3. Broaden adoption and use of AI and machine learning within industry.

The AI.SG launch press release specifically refers to the “better provision of public services” as a goal. Singapore’s Digital Government Blueprint makes a solid push for AI in government, and commits to developing a set of guidelines on the use of AI to manage risk.  The Blueprint’s key performance indicators call on all ministries to have at least one AI project by 2023. Like other countries, the government is also working to open government data to help fuel AI in all sectors.

South Korea has launched a five-year strategy with associated R&D investment funding totalling KRW 2.2 trillion (EUR 1.7 billion) in order to position itself as a leader in AI. The strategy has three objectives:

  1. Securing AI talent, such through establishing training programmes and AI graduate schools.
  2. Developing AI technology, such as through funding major projects in health, public safety, and defense.
  3. Investing in infrastructure, such as through creating AI semiconductors to enable things like autonomous vehicles.

While there is some focus on domains in which government is involved (health, public safety, defense), this strategy and subsequent announcements have generally focused efforts on economic development in the private sector, with little focus on AI for public sector innovation and transformation. Recent reports indicate that the country will release a new AI strategy in 2019, focused on building up AI-focused manufacturing.

In March 2019, the government of Spain’s Ministry of Science, Innovation and Universities launched the RDI Strategy in Artificial Intelligence. It establishes six priorities and seven recommendations to align government to support progress in AI across sectors. The RDI Strategy is intended to serve as the initial “embryo” for developing a fuller National Strategy for Artificial Intelligence” in the future.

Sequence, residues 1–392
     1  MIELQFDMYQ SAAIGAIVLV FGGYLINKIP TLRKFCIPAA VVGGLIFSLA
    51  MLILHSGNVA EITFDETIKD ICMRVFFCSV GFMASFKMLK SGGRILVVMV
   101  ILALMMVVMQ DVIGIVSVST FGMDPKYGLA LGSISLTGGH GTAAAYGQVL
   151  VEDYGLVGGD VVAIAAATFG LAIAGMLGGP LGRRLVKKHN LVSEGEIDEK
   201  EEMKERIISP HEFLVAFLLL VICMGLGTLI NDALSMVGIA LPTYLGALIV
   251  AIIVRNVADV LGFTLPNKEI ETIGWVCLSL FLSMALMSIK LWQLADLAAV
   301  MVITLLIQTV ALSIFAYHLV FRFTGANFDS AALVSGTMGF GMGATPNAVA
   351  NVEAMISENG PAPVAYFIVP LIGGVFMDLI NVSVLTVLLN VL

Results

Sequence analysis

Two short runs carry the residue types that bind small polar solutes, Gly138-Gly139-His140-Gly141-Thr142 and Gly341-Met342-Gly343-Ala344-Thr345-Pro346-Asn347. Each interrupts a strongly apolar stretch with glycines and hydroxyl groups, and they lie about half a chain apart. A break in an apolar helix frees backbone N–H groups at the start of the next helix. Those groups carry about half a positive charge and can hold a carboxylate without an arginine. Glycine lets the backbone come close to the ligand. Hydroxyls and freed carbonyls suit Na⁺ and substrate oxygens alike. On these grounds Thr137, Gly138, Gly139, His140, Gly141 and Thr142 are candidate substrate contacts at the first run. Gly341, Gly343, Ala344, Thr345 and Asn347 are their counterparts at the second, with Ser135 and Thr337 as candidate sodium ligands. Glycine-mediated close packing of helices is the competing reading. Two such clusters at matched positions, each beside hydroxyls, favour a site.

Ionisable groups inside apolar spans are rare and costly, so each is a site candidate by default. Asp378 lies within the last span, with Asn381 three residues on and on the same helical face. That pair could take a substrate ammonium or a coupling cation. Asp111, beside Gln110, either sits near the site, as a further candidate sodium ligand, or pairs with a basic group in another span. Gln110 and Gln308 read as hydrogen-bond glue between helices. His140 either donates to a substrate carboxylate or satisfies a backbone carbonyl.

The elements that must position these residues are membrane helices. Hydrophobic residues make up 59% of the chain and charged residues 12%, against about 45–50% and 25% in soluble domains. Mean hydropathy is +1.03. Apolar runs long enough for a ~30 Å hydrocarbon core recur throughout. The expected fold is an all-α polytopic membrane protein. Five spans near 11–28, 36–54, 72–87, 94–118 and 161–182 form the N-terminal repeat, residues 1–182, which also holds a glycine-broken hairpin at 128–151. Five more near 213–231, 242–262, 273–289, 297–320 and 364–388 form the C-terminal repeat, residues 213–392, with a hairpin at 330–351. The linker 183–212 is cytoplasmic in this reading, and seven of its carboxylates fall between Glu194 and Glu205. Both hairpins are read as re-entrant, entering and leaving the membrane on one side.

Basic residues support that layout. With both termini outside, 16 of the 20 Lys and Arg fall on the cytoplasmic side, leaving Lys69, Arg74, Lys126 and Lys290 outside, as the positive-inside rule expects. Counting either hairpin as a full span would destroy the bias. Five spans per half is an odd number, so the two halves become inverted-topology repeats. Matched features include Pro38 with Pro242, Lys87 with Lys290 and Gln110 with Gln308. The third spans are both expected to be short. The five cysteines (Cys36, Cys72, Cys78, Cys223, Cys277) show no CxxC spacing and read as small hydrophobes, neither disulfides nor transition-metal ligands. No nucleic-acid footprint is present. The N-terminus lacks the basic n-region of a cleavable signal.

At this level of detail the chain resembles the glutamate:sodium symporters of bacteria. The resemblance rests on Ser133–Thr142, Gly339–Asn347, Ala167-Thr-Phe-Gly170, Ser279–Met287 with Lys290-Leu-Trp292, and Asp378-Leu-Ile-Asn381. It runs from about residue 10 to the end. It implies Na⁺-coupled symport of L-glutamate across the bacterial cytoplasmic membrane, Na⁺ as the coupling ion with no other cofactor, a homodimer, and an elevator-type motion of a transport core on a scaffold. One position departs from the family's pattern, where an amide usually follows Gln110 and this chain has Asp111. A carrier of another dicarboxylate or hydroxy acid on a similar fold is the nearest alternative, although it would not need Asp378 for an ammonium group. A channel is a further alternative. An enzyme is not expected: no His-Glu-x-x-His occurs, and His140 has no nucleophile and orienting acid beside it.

These priorities are to:

  1. Achieve an organizational structure that allows the development of an AI RDI system and to measure its impact.
  2. Establish strategic areas in which it is necessary to focus the efforts of RDI activities.
  3. Facilitate the transfer of knowledge and its return to society.
  4. Plan training and professionalization actions in the field of AI.
  5. Develop a digital data ecosystem and enhance the available infrastructures.
  6. Analyse the AI ethics from the perspective of RDI.

The recommendations are to:

  1. Launch a National AI Strategy that allows the development and implementation of specific measures aimed at national strategic sectors.
  2. Take advantage of AI to achieve the objectives set out in the Agenda 2030.
  3. Design and implement specific actions promoting the transfer of knowledge to the socioeconomic environment.
  4. Launch or adapt vocation promotion programs, not limited to R&D, as well as the attraction, retention and recovery of talent aimed at AI.